Digging around in the dirt might not be the best way to sample soil

WOODSTOCK, Ont. — Reading the soil’s past might be a better way to tell what it can grow in the future.

Barry Raymer of Tavistock, Ont., has been developing his system of soil analysis for nearly a decade.

The European-born technology senses the degradation of soil to tell what is actually present in the top layer.

By working from a few reference dirt samples, the two foot wide sensor can roll over the land on an all-terrain vehicle or a vehicle such as a Jeep to measure nutrients, soil density and coarseness and other agriculturally relevant features without breaking ground.

The sensor bar, mounted 24 inches above the field’s surface, measures gamma rays from naturally occurring radio-nuclides such as caesium 137, uranium 238, thorium 232 and potassium 40 and produces 335 measured points per acre.

“It’s something you can’t do, even with grid sampling, to get that full picture of the field,” Raymer said while attending Canada’s Outdoor Farm Show in Woodstock.

“We take a few core samples for some very precisely located points in the field and get a lab analysis for reference, and that helps guide the model,” he said.

In fact, the soil texture, pH and water content is critical to making the mapping model work, as these tend to influence the readings.

The Soiloptix probe measures the first foot’s gamma radiation and uses software to translate the decaying soil signatures into nutrient maps.

Paul Raymer of Soiloptix said the company has more than 25 maps that can be built from the data.

Macro and micro-nutrients, plant available water, soil texture, pH and salinity can all be found using the tool.

“We map organic matter, phosphorus, potassium, calcium, magnesium, soil textures like percentages of clay, sand and silt, plus plant available water and bulk density. We have maps for more than those,” he said about the field maps that producers can get using the technology.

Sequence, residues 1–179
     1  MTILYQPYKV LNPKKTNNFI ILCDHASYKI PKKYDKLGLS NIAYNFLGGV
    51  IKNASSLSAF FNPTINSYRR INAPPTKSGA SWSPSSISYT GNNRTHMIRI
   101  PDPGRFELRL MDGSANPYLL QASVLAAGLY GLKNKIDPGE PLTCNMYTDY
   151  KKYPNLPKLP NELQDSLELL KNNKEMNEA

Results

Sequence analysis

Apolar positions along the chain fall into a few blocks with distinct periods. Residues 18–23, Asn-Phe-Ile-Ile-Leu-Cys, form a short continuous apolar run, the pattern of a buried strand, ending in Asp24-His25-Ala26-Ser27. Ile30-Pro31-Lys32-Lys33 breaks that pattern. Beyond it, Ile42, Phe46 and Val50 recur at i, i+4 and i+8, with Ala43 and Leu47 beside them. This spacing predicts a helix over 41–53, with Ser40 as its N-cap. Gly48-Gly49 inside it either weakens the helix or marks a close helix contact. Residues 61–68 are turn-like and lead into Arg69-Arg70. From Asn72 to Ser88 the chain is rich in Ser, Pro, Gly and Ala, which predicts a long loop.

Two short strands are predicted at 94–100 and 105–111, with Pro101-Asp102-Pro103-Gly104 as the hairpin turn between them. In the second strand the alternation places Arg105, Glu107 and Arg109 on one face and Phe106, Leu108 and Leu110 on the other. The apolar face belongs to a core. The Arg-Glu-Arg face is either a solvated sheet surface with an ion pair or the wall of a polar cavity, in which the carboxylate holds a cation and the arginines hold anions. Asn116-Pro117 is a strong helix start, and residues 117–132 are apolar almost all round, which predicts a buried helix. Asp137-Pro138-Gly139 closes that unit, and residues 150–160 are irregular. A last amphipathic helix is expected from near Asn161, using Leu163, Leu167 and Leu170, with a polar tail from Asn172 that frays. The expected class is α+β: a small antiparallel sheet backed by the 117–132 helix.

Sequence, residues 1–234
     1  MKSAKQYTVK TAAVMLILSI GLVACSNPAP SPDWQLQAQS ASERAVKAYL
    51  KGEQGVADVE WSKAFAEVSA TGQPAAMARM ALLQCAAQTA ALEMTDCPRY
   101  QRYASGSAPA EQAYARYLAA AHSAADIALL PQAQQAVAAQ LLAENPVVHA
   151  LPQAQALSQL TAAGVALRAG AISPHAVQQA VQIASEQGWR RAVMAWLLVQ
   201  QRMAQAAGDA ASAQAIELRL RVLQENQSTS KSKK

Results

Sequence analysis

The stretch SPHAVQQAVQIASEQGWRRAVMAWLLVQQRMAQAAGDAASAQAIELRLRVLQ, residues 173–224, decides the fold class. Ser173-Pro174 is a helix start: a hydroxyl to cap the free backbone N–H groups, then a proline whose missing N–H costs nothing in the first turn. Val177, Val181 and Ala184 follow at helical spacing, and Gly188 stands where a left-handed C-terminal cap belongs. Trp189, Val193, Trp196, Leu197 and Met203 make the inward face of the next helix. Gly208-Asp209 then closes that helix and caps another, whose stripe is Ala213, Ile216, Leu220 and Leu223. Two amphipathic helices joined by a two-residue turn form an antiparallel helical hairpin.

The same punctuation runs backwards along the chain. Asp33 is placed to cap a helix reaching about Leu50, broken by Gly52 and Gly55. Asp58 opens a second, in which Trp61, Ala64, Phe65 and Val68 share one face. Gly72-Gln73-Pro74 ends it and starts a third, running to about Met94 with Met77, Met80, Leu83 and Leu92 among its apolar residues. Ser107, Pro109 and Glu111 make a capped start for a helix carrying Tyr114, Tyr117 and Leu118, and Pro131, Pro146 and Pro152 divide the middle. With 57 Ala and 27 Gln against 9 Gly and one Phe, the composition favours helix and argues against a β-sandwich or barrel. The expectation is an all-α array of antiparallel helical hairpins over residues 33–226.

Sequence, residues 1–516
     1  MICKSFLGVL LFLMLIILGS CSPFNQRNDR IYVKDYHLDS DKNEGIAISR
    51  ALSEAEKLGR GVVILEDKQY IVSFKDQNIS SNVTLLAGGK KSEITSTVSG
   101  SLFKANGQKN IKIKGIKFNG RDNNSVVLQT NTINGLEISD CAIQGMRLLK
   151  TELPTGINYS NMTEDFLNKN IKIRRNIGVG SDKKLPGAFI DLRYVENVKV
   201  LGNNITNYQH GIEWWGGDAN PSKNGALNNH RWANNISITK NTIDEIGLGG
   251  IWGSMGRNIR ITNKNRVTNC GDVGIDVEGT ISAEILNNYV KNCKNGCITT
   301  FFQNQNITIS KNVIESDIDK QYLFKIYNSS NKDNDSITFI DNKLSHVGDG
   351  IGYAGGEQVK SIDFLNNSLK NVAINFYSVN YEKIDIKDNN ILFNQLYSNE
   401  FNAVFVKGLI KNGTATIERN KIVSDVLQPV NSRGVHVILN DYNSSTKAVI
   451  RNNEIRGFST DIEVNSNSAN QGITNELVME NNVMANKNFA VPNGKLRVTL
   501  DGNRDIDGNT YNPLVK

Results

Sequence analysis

“Maps can be made in a couple days and back in farmers’ hands,” he said.

Zack Harmer heads programing at the company and says it is developing mapping well beyond the normal sets that producers and retailers have come to know.

“Because it can capture so much data there are lot of options, some more complicated than others,” he said.

Producers can use those to build variable rate application plans.

Barry Raymer said they are seeing more landlords and tenants using the analysis to establish base lines for land rentals and for landowners looking to sell their fields, “being able to market what is actually being sold, by its productive attributes and capacity, rather than raw acres.”

The Ontario company has recently expanded into China, where it is running 10 units, as well as places such as Argentina and Western Canada.

“I think it is a good fit for larger fields like those in the Prairies and (U.S) Great Plains,” he said.

“Because there is variability, but with smaller, per acre returns, the information about what is in a field can be magnified in returns, whether from input savings or improved grain yields.

“It provides a complete reference for the field, rather than a lot of points or zones created from a bunch of blended samples from what you think are related or like areas.”

The Raymers’ business model is based on offering precision agriculture maps for producers on a fee per acre basis.

About the author


Stories from our other publications